In one of his first meetings with Orion, he listened to a room full of former military leaders and captains of industry as they struggled with devising a flight plan for a super-remote region of Africa. Suddenly, Sullivan spoke up and started rattling off a plan that would stage the mission out into segments with supply vehicles in tow and stationed along the route. The room grew silent as they looked over at the race car driver to say, "How do you know about all of this?"
"Easy," Sullivan replied. "This sounds just like running the Baja 1000."
On Sunday, Danny Sullivan will not be at the Indianapolis Motor Speedway for the Greatest Spectacle in Racing. He will be at his home just off legendary Pebble Beach Golf Links, sitting with wife Brenda, an accomplished investment banker, and watching on TV just like the rest of us. Sort of.
The rest of us don't have a pair of blinged-out championship rings in the family safe, jewelry he admits "does come out occasionally." And chances are that if you're reading this story, you don't have a baby Borg-Warner Trophy sitting on the mantel over the living room fireplace.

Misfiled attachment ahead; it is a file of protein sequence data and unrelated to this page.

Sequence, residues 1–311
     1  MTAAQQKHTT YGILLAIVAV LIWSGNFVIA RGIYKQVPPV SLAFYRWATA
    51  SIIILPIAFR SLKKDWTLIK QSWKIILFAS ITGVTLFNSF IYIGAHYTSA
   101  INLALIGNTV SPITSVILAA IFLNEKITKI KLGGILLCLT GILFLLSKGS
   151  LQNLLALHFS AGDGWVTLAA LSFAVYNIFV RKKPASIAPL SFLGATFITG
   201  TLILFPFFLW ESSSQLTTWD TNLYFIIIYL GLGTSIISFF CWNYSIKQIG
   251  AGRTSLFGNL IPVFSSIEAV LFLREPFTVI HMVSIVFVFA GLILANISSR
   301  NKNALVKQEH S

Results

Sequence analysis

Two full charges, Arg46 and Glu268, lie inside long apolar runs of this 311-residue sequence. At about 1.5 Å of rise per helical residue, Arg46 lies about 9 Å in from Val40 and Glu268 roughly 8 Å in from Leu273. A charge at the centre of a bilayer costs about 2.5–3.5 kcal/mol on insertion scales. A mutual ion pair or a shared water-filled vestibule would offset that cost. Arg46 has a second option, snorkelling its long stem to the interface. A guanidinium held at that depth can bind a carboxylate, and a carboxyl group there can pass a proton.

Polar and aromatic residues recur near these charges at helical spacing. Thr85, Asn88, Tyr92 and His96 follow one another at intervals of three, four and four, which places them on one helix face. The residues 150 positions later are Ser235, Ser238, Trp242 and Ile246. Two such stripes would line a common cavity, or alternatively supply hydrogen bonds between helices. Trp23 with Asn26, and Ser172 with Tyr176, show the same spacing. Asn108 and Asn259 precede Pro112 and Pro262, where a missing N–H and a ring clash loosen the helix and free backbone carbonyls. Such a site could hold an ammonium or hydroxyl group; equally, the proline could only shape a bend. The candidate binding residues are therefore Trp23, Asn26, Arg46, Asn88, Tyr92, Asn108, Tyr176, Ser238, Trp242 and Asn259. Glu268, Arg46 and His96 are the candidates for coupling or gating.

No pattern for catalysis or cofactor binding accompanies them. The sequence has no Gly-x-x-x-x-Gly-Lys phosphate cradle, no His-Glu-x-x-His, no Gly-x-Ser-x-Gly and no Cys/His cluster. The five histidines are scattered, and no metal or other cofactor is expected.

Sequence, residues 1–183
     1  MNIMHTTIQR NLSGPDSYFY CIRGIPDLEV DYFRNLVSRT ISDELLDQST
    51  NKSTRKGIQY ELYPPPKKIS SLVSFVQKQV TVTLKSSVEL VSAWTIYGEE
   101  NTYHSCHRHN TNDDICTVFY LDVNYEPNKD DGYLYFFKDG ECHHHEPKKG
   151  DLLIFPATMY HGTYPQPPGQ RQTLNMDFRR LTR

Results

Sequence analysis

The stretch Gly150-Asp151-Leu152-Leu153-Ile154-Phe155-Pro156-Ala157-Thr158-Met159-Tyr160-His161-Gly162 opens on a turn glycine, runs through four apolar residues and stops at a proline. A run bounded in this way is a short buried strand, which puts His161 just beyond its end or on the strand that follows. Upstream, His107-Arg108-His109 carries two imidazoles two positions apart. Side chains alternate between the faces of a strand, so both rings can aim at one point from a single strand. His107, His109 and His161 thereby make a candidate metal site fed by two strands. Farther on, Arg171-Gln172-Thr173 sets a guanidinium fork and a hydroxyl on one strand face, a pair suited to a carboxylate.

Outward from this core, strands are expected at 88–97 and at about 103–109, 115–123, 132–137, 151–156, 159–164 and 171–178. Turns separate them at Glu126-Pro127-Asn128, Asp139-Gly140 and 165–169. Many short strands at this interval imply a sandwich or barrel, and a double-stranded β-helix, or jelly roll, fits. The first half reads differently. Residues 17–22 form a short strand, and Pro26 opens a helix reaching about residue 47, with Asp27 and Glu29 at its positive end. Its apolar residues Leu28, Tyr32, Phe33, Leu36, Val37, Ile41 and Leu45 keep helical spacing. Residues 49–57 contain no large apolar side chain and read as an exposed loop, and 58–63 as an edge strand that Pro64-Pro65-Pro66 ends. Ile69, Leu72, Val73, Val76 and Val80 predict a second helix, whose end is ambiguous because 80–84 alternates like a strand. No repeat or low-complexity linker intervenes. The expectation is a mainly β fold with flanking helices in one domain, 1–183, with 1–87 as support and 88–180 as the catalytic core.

"I do like going back to the speedway," the 60-year old says. "The reception I get from the fans there is still just unbelievable, even 25 years later. But it is nice to kick back and watch the race broadcast from home."
A broadcast that undoubtedly will be showing the replay of the "spin and win" over and over again, as it has every year since 1985.
"They can replay that all they want," he says, with one more wink and one more million-dollar smile. "People ask me if I get tired of seeing it. No. No, I do not."
Ryan McGee, a senior writer for ESPN The Magazine, is the author of "ESPN Ultimate NASCAR: 100 Defining Moments in Stock Car Racing History." He can be reached at firstname.lastname@example.org.